Baking with sourdough has its consequences. You have to fit it into your work and life schedule – the fermentation/rising/proofing times are so much longer than when using commercial fast-action yeast! You have to plan for a 9-hour time span from start mixing to pulling the baked bread out of the oven. Baking after-work is out of the question, so the weekends remain unless I want to get up very early or stay awake all night… not a long-term viable option.
In order to find a way that allows for work during the day, and baking sourdough bread at night, I changed this routine. I did the “bulk fermentation” (the first rise after kneading the dough into a ball) in the fridge at 4 degrees centigrade instead of at room temperature, and it turned out to be a success!
Fermentation is actually a better name for the process of rising – the yeast consumes sugars and produces alcohol and CO2. The bacteria in the sourdough not only produce lactic and acetic acids but also develop the flavours in the dough. The longer you ferment the dough, the more flavour it gets! Chances are that your bread will become somewhat more sour as well, but I found no evidence of that in my breads.
That is why fermentation in the fridge is not a bad idea at all. The yeast’s metabolic rate is of course a lot lower in the fridge compared to room temperature, therefore the dough can be left alone for much longer when it sits in your fridge. That extra resting time enables me to divide the baking process up. I kept the dough in my fridge for 22 hours (!) and then took it out to warm up to kitchen temperature for two hours.
100 gr sourdough starter (100% hydration meaning it consists of 50 gr AP flour and 50 gr water)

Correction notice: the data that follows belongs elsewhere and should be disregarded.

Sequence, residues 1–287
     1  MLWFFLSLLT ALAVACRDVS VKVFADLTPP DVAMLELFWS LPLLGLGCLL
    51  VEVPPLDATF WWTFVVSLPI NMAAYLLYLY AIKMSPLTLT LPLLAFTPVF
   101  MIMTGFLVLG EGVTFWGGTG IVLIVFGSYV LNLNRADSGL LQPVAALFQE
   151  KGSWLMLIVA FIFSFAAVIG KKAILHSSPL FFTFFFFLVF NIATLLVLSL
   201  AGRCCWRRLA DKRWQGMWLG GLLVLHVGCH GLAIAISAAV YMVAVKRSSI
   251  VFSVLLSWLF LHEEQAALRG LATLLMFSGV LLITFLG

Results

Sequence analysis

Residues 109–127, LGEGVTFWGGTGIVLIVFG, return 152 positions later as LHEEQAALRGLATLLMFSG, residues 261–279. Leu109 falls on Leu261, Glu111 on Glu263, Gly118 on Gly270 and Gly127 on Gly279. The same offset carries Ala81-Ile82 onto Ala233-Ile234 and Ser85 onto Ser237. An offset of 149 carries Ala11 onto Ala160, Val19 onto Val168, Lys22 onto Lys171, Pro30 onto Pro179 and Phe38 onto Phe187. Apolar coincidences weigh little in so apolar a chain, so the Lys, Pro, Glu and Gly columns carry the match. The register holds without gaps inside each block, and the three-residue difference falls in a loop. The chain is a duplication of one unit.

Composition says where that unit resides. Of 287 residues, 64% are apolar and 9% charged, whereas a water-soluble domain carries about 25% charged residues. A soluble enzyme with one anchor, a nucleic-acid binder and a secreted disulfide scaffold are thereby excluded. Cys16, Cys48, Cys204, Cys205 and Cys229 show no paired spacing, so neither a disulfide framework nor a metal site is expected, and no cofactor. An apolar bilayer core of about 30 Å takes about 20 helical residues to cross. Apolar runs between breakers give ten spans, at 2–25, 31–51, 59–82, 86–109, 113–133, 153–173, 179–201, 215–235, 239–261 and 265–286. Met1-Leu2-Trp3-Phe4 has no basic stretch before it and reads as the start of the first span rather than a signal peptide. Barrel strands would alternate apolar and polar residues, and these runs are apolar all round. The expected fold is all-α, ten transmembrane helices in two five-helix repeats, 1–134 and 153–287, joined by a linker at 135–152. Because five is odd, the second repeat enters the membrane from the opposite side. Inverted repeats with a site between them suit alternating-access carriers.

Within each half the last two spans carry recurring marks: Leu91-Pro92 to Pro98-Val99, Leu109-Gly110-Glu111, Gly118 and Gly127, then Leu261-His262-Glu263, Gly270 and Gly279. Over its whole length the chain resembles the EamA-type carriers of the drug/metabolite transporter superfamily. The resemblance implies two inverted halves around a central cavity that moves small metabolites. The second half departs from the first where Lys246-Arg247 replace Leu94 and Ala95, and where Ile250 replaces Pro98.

250 gr cold water
50 gr AP flour
100 gr whole wheat
300 gr Waldkorn mix (a trademarked dutch multi-grain mix)
25 gr olive oil
7 gr salt
After the 8 o’clock news, I mixed the ingredients to incorporate all the moisture, and hand-kneaded it for 10 minutes (I love hand-kneading… never use a machine).
I then placed the ball of dough in an oiled bowl covered with cling film. That went into the fridge for 22 hours.
Next evening, I took it out of the fridge and left to acclimatize in the kitchen for 2 hours. Then I flattened the dough gently, and shaped it and put it in a flour-dusted proofing basket (a birthday present from my wife), and left it there (covered with cling film) for another 2 hours at room temperature.
I turned the risen dough over onto a baking tray covered with a silicone mat (ideal material for baking a bread, it does not stick), slashed the top and baked for 45 minutes (first 20 minutes at 235 degrees C with steam in the oven, then 25 minutes at 220 degrees C without steam).
The taste of the bread is great! it has complex and subtle flavours and, only the slightest hint of sourness despite the long fermentation time. The typical nutty-sweer flavour of the Waldkorn bread mix is altered by the sourdough’s own flavouring process. My son was not yet sure if he likes this better than the version I usually bake – using fast-action yeast instead of sourdough. Certainly, this sourdough bread is a lot smaller in size… which I like better than the “fluffiness” of the bread baked with commercial yeast.
It’s a win/win: the long fermentation time results in great flavour, and I can now bake sourdough at every day of the week if I want to 🙂